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framework; and how to colour and varnish
the whole. These items of wisdom are all
duly set forth.

                     LIFE AND DEATH.

"What is Life, Father?"
                                  "A Battle, my child,
Where the strongest lance may fail
   Where the wariest eyes may be beguiled,
And the stoutest heart may quail.
   Where the foes are gathered on every hand,
And rest not day nor night,
   And the feeble little ones must stand
In the thickest of the fight."

  "What is Death, Father?"
                                       "The rest, my child,
   When the strife and the toil are o'er,
And the angel of God, who, calm and mild,
   Says we need fight no more;
Who driveth away the demon band.
   Bids the din of the battle cease;
Takes the banner and spear from our failing hand.
   And proclaims an eternal Peace."

"Let me die, Father! I tremble. I fear
To yield in that terrible strife!"

"The crown must be won for Heaven, dear,
   In the battle-field of life;
My child, though thy foes are strong and tried,
   He loveth the weak and small;
The Angels of Heaven are on thy side.
   And God is over all!"


This bean-stalk, by which many very
small adventurers have climbed to wealth,
flourishes under the vice-regal sway of the
Honourable East India Company, where a
costly staff of European officials is
supposed, by a pleasant fiction of the
Covenanted Service, to administer justice to the
hundred millions of worthy British subjects
inhabiting those wide-spreading countries.
Judges of various degrees, magistrates and
deputy magistrates, preside singly over the
fate of districts as large as Yorkshire or
Wales, and to enable them to make the most
remote pretence of discharging their duties,
they receive the assistance of a swarm of
native subordinates, whose name may truly
be called legion.

The revenue department of the Indian
government is equally beholden to the
ministerings of these indigenous officials, without
whom, indeed, we could make but small
progress in the collection of the twenty-seven
millions of pounds sterling annually squeezed
from the muscles of Indian ryots. I am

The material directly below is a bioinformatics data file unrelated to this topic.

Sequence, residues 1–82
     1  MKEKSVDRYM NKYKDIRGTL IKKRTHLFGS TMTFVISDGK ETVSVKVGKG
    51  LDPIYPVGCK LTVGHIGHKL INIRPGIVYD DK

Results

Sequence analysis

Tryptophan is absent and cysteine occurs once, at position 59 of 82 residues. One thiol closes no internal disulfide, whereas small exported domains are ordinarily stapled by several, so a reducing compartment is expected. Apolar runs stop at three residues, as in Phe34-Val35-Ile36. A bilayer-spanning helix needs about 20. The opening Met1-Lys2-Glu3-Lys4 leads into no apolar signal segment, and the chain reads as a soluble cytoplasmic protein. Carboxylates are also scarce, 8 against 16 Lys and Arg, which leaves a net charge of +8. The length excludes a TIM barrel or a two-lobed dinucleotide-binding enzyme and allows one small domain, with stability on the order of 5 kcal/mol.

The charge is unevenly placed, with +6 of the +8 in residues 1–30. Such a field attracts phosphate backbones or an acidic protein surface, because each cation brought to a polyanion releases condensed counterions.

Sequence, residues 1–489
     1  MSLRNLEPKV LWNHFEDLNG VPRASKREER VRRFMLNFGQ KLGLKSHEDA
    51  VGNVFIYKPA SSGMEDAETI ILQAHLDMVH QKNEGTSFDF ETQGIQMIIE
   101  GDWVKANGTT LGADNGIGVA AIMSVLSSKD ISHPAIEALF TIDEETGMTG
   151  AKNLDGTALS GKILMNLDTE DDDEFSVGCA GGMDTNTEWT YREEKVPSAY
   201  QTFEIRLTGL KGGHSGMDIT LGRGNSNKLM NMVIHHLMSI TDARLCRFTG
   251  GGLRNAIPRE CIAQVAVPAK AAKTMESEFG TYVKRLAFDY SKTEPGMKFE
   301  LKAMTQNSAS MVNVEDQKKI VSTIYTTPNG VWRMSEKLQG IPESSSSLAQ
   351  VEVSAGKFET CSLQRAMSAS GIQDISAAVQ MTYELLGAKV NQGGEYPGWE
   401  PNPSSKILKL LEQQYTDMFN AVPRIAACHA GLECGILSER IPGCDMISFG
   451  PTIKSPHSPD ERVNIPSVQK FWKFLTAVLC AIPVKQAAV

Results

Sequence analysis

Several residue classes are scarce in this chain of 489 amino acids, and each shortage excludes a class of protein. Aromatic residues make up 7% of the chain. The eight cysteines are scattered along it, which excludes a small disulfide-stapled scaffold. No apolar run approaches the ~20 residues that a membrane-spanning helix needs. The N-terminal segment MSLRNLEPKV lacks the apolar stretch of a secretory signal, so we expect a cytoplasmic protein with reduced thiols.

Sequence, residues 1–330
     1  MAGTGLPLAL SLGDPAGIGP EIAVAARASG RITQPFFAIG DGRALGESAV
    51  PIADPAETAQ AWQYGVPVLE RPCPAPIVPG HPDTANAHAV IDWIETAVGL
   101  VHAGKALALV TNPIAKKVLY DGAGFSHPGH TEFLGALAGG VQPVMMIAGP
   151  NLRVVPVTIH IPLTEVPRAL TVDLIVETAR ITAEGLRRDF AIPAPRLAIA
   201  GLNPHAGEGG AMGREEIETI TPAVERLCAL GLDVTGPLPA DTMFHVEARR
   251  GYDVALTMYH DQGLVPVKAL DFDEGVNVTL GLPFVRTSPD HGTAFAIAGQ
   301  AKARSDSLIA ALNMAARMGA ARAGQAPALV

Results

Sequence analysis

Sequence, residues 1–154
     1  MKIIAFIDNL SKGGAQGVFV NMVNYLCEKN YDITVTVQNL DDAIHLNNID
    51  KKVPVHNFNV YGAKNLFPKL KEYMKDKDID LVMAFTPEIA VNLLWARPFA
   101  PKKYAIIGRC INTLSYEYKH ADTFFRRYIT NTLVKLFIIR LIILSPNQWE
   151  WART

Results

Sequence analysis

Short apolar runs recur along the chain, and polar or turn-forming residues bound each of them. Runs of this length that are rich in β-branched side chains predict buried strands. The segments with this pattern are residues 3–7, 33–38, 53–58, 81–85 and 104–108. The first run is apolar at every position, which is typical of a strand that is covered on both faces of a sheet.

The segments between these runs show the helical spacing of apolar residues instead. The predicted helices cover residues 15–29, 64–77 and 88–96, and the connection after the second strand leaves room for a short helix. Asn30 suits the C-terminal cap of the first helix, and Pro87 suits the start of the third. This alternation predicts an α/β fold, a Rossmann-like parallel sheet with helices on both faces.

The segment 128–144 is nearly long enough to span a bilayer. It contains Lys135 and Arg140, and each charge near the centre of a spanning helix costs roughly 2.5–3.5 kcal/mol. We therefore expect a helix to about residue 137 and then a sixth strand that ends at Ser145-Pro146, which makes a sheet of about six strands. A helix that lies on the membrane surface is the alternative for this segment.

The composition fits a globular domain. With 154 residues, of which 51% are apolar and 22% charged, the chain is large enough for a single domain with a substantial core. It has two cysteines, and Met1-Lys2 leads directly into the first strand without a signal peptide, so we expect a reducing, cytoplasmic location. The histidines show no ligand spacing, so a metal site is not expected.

quite willing to admit at starting, what it
would be folly to deny, that to dream of
carrying on the administration of our Indian
empire without the aid of native subordinates
would be an utter absurdity.

These authorities are, unfortunately, taken
from the very dregs of Asiatic society,
and consist indiscriminately of Mahometans
and Hindus. It would perhaps be very
difficult, if not impossible, to say which of these
two races are the greatest adepts at extortion
and every species of cunning rascality.
Miserably paid, they seek, by an infinity of
methods, to swell up their income, and this
they contrive to do with the utmost
impunityliving in the midst of luxuries when an
honest man would starve. The steps upon
the branches of this Great Indian Bean-Stalk
are many: but, patiently followed, they lead
at last to a golden certainty.

Lallah Ram, of whose life I am about to
relate a few trifling incidents, was a man of
humble station, but aspiring in mind, and
being well acquainted with most of the native
Omlah or judicial subordinates of the city,
used every influence in his power to obtain the
most menial appointment in the police court.
After many months of patient watchfulness,
Lallah, by dint of dustur or fee, was installed
as Orderly to the Deputy Magistrate of the
district, on a salary of eight shillings a month.
This pay was small enough, especially as
Lallah had a wife and three children to
maintain with it. But my hero had not been
a hanger-on of police courts and Cutcherries
(collectors' offices) for nothing. He had gained
a complete insight into the history of the
Great Indian Bean-Stalk, and panted for an
opportunity of reducing his knowledge to

Lallah began systematically, and lost no
opportunity of ingratiating himself with his
master the Sahib Bahadur, or great magistrate:
he made it appear on every occasion
that he was on the best possible footing with
Sahib; to whom he was really quite
indispensable. No sooner was this feeling
fairly established than the aspiring orderly
began to turn it to account. Did any one, no
matter what his rank, desire an audience
with his highness the magistrate, he was kept
cooling his heels in the outer hall, until having
exhausted his patience he offered Lallah
a rupee to take his name to the Bahadur.
The orderly would give the solitary coin a
look of the utmost contempt, move not an
inch, and say that he was a poor man, but
had every desire to oblige the visitor if in
his power. The suitor would relax, slip
five rupees into his willing palm, and was
at once ushered into the presence amidst
many adjurations to the heathen pantheon,
and all sorts of prosperity evoked on the
donor's head.

These visitors were numerous; and,
although a few now and then endeavoured to
rebel against the innocent practices of Lallah,
he was invariably a match for them. Should
there be any disposition to avoid the dustur
(anglicรจ "down with the dust"), the orderly
expressed many regrets; but the Sahib was
most particularly engaged, and had given
express orders not to be disturbed on any
account. It was seldom that a sentence of
this kind was misunderstood; the fee was